How to Add & Subtract Fractions With Monomials

Monomials can comprise polynomial expressions.
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Monomials are groups of individual numbers or variables that are combined by multiplication. "X," "2/3Y," "5," "0.5XY" and "4XY^2" can all be monomials, because the individual numbers and variables are combined only using multiplication. In contrast, "X+Y-1" is a polynomial, because it is comprised of three monomials combined with addition and/or subtraction. However, you can still add monomials together in such a polynomial expression, as long as they are of like terms. This means they have the same variable with the same exponent, such as "X^2 + 2X^2". When the monomial contains fractions, then you would add and subtract like terms as normal.

    Set up the equation you would like to solve. As an example, use the equation:

    1/2X + 4/5 + 3/4X - 5/6X^2 - X + 1/3X^2 -1/10

    The notation "^" means "to the power of," with the number being the exponent, or the power to which the variable is raised.

    Identify the like terms. In the example, there would be three like terms: "X," "X^2" and numbers without variables. You cannot add or subtract unlike terms, so you might find it easier to rearrange the equation to group like terms. Remember to keep any negative or positive signs in front of the numbers you move. In the example, you might arrange the equation like:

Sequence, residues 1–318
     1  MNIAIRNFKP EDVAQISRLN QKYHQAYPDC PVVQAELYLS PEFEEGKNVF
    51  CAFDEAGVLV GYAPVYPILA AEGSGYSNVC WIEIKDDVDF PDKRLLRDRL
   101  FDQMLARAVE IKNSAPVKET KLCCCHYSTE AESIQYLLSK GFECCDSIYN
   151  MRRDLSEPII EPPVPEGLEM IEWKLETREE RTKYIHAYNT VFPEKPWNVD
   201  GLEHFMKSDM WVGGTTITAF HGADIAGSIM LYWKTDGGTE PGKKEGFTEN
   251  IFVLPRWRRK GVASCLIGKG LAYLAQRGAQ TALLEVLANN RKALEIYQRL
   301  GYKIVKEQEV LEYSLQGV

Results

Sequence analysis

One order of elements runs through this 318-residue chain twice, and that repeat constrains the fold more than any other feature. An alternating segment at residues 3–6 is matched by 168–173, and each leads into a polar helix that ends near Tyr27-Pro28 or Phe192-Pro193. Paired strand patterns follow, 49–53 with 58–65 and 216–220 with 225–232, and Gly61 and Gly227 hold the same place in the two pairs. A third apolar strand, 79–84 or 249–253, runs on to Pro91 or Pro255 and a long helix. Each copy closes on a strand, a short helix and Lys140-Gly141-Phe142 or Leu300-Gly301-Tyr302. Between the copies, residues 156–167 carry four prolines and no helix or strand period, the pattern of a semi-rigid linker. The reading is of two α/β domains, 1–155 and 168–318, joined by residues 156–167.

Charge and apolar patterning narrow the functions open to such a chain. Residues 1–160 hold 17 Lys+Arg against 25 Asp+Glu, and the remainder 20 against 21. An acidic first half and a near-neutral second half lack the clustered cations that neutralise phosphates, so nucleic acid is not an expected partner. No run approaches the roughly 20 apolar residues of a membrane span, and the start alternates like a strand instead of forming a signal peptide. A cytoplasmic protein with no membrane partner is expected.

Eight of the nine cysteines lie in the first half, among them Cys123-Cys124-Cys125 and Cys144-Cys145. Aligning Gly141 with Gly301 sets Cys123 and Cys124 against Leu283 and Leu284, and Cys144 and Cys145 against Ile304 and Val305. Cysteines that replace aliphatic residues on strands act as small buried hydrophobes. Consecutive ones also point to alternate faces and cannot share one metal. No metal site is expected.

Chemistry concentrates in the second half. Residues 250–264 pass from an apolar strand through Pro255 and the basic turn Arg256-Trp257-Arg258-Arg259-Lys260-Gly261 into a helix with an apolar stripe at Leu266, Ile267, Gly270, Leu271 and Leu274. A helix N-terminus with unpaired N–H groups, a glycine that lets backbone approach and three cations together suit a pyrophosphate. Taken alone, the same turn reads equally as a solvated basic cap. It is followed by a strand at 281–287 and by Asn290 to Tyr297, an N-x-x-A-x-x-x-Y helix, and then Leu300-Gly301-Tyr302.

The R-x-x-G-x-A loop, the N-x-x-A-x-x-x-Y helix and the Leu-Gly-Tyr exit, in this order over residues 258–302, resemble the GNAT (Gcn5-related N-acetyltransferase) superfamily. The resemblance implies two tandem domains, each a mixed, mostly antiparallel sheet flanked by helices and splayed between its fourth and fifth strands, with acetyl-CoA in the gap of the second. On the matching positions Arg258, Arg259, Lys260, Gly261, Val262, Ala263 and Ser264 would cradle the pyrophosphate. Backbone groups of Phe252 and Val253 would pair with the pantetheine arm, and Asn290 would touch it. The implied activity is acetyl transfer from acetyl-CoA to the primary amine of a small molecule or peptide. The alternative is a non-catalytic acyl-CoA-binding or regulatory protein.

(1/2X + 3/4X - X) + (4/5 - 1/10) + (-5/6X^2 + 1/3X^2)

    You can treat each group like a separate equation since you cannot add them together.

    Find common denominators for the fractions. This means that the bottom part of each fraction you are adding or subtracting must be the same. In the example:

    (1/2X + 3/4X - X) + (4/5 - 1/10) + (-5/6X^2 + 1/3X^2)

    The first part has denominators of 2, 4 and 1, respectively. The "1" isn't shown, but can be assumed as 1/1, which doesn't change the variable. Since both 1 and 2 will go into 4 evenly, you can use 4 as the common denominator. To adjust the equation, you would multiply 1/2X by 2/2 and X by 4/4. You may notice that in both cases, we are simply multiplying with a different fraction, both of which reduces to just "1," which again doesn't change the equation; it just converts it into a form you can combine. The end result would therefore be (2/4X + 3/4X - 4/4X).

    Likewise, the second part would have a common denominator of 10, so you would multiply 4/5 by 2/2, which equals 8/10. In the third group, 6 would be the common denominator, so you could multiply 1/3X^2 by 2/2. The end result is:

    (2/4X + 3/4X - 4/4X) + (8/10 - 1/10) + (-5/6X^2 + 3/6X^2)

    Add or subtract the numerators, or the top of the fractions, to combine. In the example:

    (2/4X + 3/4X - 4/4X) + (8/10 - 1/10) + (-5/6X^2 + 3/6X^2)

    Would be combined as:

    1/4X + 7/10 + (-2/6X^2)


    1/4X + 7/10 - 2/6X^2

    Reduce any fraction to its smallest denominator. In the example, the only number that can be reduced is -2/6X^2. Since 2 goes into 6 three times (and not six times), it can be reduced to -1/3X^2. The final solution is therefore:

    1/4X + 7/10 - 1/3X^2

    You can rearrange again if you like descending exponents. Some teachers like that arrangement to help avoid missing like terms:

    -1/3X^2 + 1/4X + 7/10

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